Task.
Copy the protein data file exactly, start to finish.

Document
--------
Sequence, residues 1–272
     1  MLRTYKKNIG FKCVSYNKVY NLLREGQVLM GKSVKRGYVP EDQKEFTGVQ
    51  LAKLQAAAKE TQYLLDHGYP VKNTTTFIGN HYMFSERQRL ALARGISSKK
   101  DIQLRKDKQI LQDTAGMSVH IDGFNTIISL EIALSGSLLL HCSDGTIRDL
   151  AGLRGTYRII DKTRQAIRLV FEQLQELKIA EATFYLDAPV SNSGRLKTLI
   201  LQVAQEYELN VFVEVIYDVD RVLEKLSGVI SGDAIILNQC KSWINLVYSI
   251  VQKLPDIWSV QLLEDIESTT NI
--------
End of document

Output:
Sequence, residues 1–272
     1  MLRTYKKNIG FKCVSYNKVY NLLREGQVLM GKSVKRGYVP EDQKEFTGVQ
    51  LAKLQAAAKE TQYLLDHGYP VKNTTTFIGN HYMFSERQRL ALARGISSKK
   101  DIQLRKDKQI LQDTAGMSVH IDGFNTIISL EIALSGSLLL HCSDGTIRDL
   151  AGLRGTYRII DKTRQAIRLV FEQLQELKIA EATFYLDAPV SNSGRLKTLI
   201  LQVAQEYELN VFVEVIYDVD RVLEKLSGVI SGDAIILNQC KSWINLVYSI
   251  VQKLPDIWSV QLLEDIESTT NI